by Ker Zheng
China Mengniu Dairy Company announced that it will acquire infant formula brand Bellamy's Australia Ltd for US$983 million this past Monday.
The price is a 52% premium to its closing share price last Friday, indicating that Mengniu sees much growth opportunity in the imported baby milk powder segment in China, which is estimated to grow to US$32 billion by 2023.
This acquisition comes as many Australian brands continue to suffer from China's crackdown on gray-market daigou resellers and as China looks to reduce its reliance on foreign-produced baby milk powder.
The acquisition is also the latest in a string of overseas acquisitions by Chinese brands, who have been buying foreign brands and leveraging their local distribution networks to supercharge their growth.
We dig deeper and discuss these trends in depth below.
Bellamy's baby products on Australian supermarkt shelves. Source: Shutterstock
The Crackdown on Daigou is Hurting Bellamy's
Last month Bellamy's said that its FY19 sales dropped 19% YoY to AUD$266 million and annual profit declined by almost half, largely because of the Chinese government's crackdown on gray-market daigou resellers.
Daigou are typically Chinese living and studying or working overseas, who often buy products and resell them on the gray market in China for a mark-up.
Daigou frequently sell products that are difficult to find in China, such as milk powder, cruelty-free cosmetics, quality health supplements, and luxury handbags. The most common channels are Taobao and WeChat.
At the beginning of this year, China's new e-commerce law placed a number of new requirements on daigou resellers, forcing them to register as businesses and pay business taxes.
Before, many had sold items through personal accounts on Taobao or WeChat, and could get away with not paying taxes.
But the e-commerce law places greater penalties on these platforms if they fail to catch such "illegal" merchants, and it is said that both Taobao and WeChat are stepping up their supervision.
However, it is difficult for such platforms to monitor the products and transactions of every seller on the market, given their sheer number.
Nevertheless, it is clear that the current environment does not favor daigou selling and that Australian companies such as Bellamy's are under pressure to shift towards more legitimate channels to sell to Chinese end consumers.
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China May Be Reducing its Reliance on Foreign Baby Milk Powder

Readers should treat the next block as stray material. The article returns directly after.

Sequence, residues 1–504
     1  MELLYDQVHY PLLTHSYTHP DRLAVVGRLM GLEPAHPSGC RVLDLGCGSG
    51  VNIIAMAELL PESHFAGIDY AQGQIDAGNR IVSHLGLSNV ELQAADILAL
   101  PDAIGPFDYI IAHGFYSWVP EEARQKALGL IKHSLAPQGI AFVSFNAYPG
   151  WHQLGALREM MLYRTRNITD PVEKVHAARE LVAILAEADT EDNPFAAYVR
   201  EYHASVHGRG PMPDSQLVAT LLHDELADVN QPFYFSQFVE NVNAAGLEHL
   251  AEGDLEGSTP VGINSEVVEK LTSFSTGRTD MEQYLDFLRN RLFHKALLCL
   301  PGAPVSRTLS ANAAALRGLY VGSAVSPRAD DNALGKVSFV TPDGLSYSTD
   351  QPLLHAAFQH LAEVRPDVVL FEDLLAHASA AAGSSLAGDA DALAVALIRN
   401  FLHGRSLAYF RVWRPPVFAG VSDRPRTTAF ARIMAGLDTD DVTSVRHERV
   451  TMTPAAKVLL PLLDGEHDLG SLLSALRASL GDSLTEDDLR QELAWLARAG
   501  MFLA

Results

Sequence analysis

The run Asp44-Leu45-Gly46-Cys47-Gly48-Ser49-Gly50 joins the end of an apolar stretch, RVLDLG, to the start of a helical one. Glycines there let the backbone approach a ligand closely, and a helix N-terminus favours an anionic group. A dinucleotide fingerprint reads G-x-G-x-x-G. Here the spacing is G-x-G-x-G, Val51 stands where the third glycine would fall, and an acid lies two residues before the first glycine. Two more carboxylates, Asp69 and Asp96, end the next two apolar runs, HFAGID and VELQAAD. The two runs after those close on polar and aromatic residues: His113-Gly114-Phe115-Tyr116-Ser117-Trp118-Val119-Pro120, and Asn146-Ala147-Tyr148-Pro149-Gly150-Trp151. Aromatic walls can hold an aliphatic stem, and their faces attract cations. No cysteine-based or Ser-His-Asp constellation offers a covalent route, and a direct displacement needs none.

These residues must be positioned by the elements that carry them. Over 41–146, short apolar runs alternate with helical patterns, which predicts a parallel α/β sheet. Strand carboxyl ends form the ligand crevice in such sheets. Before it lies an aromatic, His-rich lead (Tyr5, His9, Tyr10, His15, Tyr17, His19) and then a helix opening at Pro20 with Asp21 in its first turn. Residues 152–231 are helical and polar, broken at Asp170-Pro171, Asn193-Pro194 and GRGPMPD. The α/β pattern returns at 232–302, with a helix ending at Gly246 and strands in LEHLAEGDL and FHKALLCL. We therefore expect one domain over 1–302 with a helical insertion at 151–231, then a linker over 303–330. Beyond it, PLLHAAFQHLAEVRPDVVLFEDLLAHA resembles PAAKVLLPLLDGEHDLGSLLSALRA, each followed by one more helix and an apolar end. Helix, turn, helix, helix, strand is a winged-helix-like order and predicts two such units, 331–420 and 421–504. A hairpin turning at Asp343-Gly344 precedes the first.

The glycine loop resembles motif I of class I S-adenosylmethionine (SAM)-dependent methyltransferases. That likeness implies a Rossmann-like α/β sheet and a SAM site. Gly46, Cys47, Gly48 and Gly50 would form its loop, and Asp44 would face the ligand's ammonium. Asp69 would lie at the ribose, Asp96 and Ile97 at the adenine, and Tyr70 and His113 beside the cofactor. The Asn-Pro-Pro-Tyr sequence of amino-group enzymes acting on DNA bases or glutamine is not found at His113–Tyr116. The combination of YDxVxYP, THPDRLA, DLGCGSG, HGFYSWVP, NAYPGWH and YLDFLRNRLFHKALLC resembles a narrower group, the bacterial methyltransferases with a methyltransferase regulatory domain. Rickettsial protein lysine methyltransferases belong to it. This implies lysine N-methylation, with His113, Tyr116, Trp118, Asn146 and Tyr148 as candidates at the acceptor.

The decision to sell to Mengniu could have been partly motivated by the Chinese government's initiatives to reduce reliance on foreign baby milk powder.
Earlier this June, the Chinese government's National Development and Reform Commission (NDRC) announced that it will work together with other government ministries to improve the quality of milk powder in China.
The goal is to improve China's self-sufficiency of milk powder production, aiming for 60% of milk powder supply to be from domestic Chinese producers rather than foreign ones.
To support this initiative, the government will build a quality and safety traceability platform to supervise milk powder supply chains.
The government will also implement more stringent requirements for registering imported baby formula products.
And lastly, the government will provide tax cuts and funding assistance to help Chinese firms make overseas acquisitions, with the intent of bringing more production to China, where production scale can be expanded significantly and more manufacturing jobs can be created for local economies. .
This could've been a major driver behind Mengniu's overseas investment drive.
Why Selling to a Chinese Company Makes Sense
Bellamy's sale to a Chinese company makes a lot of sense for a lot of reasons.
While foreign companies are strong at branding, they are weak when it comes to operations, distribution, etc. in China.
- Their distribution networks are not as extensive in China, making it difficult to reach lower-tier cities.
- Smaller foreign companies often cannot adapt to the sheer size of the market in China. Going from an Australian market with ~20 million people to a Chinese market with over 1.4 billion people means major supply chain issues.